• AI engineers / data scientists > experience with object recognition is a pro!
  • Electrical / mechatronics / mechanical engineers with a nack for AI implementation

You can join as a contributor (12 hours per week commitment for 2 months), coach (2-4 hours per week, only for experienced ML professionals) and teacher (give one relevant ML / domain masterclass).

During the challenge we will arrange for masterclasses on relevant topics like the use of the cloud computation resources Microsoft, IBM & the HPC Lab have made available for us. You will also build upon the knowledge and experience of the first AI for Wildlife’s challenge team!

To learn more, subscribe to the info session on the 18th of August, 19:00 CEST given by us & the conservationists HERE!

Challenge format

The challenge will run from the 15th of September untill the 17th of November, & you will collaborate with a diverse team of over 30 international data specialists and domain experts in subteams, all tackling this problem from different angles.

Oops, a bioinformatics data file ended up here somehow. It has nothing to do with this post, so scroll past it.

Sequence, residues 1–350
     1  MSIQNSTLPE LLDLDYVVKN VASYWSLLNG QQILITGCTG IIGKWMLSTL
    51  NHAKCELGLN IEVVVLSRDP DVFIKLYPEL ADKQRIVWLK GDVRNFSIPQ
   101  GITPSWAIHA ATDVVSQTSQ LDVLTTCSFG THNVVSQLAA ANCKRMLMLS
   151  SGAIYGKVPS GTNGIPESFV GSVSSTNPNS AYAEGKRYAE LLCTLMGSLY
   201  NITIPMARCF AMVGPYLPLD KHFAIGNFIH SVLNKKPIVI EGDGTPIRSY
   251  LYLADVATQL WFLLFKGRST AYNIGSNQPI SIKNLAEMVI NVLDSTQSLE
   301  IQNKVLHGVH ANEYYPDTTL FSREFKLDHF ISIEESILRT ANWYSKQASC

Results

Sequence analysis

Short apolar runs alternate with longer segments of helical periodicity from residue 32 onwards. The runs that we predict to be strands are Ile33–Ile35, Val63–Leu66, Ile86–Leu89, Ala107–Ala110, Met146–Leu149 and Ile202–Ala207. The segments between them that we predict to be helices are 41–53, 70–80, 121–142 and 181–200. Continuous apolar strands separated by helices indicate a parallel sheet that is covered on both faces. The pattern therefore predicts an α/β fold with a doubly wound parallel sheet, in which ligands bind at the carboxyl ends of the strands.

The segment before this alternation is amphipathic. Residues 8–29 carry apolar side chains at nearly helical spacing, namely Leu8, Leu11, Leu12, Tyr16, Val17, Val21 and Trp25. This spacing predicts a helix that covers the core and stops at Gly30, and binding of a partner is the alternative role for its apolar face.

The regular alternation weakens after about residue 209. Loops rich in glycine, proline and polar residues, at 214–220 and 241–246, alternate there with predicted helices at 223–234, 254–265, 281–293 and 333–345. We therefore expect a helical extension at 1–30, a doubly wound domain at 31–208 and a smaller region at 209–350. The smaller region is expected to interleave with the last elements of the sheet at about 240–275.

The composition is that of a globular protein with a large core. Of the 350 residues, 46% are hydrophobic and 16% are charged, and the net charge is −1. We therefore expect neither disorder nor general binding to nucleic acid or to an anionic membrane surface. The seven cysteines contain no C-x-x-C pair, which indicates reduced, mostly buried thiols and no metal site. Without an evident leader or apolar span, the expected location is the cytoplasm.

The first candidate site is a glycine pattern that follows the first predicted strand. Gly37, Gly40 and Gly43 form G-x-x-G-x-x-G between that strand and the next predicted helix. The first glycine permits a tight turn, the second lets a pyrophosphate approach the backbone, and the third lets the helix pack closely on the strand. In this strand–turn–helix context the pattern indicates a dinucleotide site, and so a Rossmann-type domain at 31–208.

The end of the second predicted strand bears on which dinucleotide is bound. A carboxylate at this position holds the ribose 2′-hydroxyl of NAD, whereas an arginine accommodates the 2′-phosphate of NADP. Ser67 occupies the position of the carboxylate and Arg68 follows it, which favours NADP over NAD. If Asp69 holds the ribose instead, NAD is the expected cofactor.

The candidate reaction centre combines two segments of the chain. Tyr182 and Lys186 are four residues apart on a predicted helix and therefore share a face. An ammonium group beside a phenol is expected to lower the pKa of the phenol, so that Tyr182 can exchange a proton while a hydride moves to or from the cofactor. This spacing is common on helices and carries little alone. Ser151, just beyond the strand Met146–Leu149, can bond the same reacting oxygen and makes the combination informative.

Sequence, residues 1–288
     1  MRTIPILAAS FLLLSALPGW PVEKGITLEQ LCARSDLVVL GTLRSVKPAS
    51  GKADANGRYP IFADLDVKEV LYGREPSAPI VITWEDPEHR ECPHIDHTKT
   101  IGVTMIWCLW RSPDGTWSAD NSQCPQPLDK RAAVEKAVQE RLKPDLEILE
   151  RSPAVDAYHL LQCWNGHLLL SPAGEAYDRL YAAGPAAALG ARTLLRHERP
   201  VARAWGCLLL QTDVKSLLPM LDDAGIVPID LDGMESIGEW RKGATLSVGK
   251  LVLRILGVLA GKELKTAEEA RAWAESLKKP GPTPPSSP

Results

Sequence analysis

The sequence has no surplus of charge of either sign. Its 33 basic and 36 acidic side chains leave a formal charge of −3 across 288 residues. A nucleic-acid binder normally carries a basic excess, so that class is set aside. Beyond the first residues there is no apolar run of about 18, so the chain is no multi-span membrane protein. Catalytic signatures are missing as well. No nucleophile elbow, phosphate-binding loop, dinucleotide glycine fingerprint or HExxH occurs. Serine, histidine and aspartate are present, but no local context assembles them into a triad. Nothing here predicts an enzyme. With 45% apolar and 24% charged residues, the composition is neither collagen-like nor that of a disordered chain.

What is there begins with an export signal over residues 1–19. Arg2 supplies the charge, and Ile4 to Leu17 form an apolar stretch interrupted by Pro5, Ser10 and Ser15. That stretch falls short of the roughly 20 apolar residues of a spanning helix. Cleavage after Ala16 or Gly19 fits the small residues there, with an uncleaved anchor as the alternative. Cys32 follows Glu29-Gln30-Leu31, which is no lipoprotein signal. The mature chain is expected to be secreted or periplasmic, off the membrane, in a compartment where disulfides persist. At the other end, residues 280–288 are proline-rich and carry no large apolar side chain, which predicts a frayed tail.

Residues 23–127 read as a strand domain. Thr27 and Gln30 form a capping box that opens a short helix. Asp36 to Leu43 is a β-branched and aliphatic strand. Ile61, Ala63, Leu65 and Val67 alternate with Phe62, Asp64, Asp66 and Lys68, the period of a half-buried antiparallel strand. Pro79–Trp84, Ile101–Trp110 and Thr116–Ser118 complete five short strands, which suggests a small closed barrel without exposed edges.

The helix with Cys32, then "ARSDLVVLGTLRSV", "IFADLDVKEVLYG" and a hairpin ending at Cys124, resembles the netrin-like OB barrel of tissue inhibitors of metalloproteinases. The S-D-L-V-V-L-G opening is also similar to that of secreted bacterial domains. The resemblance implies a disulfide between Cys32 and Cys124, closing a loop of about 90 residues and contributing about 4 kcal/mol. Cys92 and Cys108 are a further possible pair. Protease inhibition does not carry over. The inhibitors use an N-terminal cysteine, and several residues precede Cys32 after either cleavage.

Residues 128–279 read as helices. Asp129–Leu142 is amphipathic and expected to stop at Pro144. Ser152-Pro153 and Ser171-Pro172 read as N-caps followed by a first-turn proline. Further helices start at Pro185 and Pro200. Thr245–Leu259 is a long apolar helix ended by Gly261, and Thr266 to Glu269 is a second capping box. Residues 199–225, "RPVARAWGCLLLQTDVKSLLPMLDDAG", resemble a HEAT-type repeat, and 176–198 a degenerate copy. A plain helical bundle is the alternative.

Some important dates:

  • 18th of August – Info session
  • 15th of September – Challenge Kick-off
  • 6th of October – Midterm presentations
  • 17th of November – Final presentations

Related open events

Apply to join the Challenge

Fill in the Google Form behind this button to become one of the 50 engineers collaborating with SPOTS to develop ML models that can detect poachers in the wildlife reserves of Africa!!

Quick facts

🥥  More than a thousand rhinos are slaughtered per year for their horns.

🍊  More than 100,000 african elephants were killed between 2014 and 2017 for ivory. And there are less than 4000 tigers in the world.

🍉  In Africa, almost 600 rangers charged with protecting wildlife were gunned down by poachers between 2009 and 2016 while working.

🥝  In the Democratic Republic of the Congo’s Virunga National Park, at least 170 rangers have been killed during the past two decades.

Source: National Geographic

Source: Wildlife justice

Partners

SPOTS
Strategic Protection of Threatened Species
Learn more